So the Christian insistence that we are complex beings, who can enforce restraint on our present selves for the sake of our future selves, and for those who come after us, is vital to the concept of freedom. And freedom we agreed is vital to those unforced transacting that characterise economic exchange. You can’t have an economy without freedom. This is why the Christian view of man, as person, the complex being who is encountered only through dualities, is essential to the existence of an open economy. The Christian input, with the complex account of man who as image of God participates in love and freedom, is not only the origin of the open economy, but is essential to its continuing flourishing.

A firm reliance

Spread out before the early settlers of this continent was incredible untapped wealth in the form of vast unsettled lands filled with natural resources—all for the taking. Now that the Frontier is mostly tapped out, we are seeing the long, slow, decline from prosperity to scarcity…and with it the loss of individual freedom. How long will it be before we see masses of government-dependent Americans protesting in the streets of our urban centers because the messiah state can no longer provide them with the handouts they have grown to depend on; that they feel they have earned and have a right to? The taking and the giving and the borrowing by government is unsustainable. We all know this. And we know the day of reckoning is coming. The best that messiah government can do is obscure the reality and delay the inevitable.

How then shall people who are cognizant of this eventuality live? Disengage as much as possible from these dependencies. Simplify your wants and needs. Steer clear of the bondage of debt. Provide for your needs of food, heat, and shelter as much as you can with your own hands and backbone. And, most fundamentally, turn your eyes from the false messiah state to the true Messiah. This response is as much spiritual as it is physical. What I am talking about is a return to the American pioneer spirit, characterized by a firm reliance on the God of the Bible, hard physical work, thrift, self-reliance, subsistence, and the family economy. While it is true that the Great Frontier, with all its uninhabited land and untapped natural resources is now, for all practical purposes, gone, the land remains. And if properly husbanded, the land can still sustain pioneer families in this new century, fraught as it is with impending shortages and instabilities.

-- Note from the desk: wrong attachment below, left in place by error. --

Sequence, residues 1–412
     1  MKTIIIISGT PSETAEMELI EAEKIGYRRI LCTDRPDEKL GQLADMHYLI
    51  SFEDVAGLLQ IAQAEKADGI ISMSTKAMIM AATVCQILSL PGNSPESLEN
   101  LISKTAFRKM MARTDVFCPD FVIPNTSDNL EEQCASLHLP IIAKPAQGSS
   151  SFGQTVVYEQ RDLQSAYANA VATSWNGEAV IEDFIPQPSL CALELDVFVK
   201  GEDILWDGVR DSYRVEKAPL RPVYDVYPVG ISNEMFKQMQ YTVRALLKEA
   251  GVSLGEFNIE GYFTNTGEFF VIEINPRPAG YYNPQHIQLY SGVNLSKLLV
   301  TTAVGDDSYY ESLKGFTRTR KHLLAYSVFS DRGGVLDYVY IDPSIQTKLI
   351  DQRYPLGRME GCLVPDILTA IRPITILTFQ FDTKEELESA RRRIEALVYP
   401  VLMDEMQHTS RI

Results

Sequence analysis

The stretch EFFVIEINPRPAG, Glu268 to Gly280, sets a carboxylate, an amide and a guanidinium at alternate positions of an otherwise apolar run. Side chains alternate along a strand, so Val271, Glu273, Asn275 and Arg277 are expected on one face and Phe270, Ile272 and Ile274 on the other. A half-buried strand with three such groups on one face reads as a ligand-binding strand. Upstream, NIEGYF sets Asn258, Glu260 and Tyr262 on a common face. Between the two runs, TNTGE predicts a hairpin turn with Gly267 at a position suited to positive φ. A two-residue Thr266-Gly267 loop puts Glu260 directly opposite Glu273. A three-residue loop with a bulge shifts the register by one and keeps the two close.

Living on a section of land and working to make it productive will not bring wealth sufficient to satisfy the average modern American who is conditioned by our culture to spend, borrow, consume, and spend, borrow, waste. But in the days ahead, those people who have returned to the land, have equipped themselves with the tools and knowledge to make the land productive, and who are secure and content with little, these people will provide a valuable example for the helpless, discontent, and confused all around them. Pioneering is totally contrarian to the spirit of this age, but it is a positive, refreshing, satisfying course of action. It is the only appropriate personal response in the midst of the crisis we find ourselves in.
Herrick Kimball The Deliberate Agrarian

With Mary Magdalene on Easter morning

The Lord Jesus is God and man in one figure. When we worship him, we are standing before the open door of the throne room of the Lord. He waits for us through there, or since we are the ones who are constrained by our limits, it would be better to say that he waits for us out there. He calls us out of this stiflingly small place and into the vaster place of his immediate presence. And so we marvel at the Lord and so we worship him. That is what the angels are showing us, and why the disciples stand here open-mouthed, moving from bafflement to amazement, singing Holy, holy, holy… This tomb turns out to be the throne of God, where all his company stands around the Lord, for where the Lord is, there his people are gathered around him. It the gateway which opens for us so that we can go in to that company and his presence. Our future is through there, with them and him, for we were made for undying communion with God, and with one another, in God’s glorious company.
Easter morning 2010 He must rise from the dead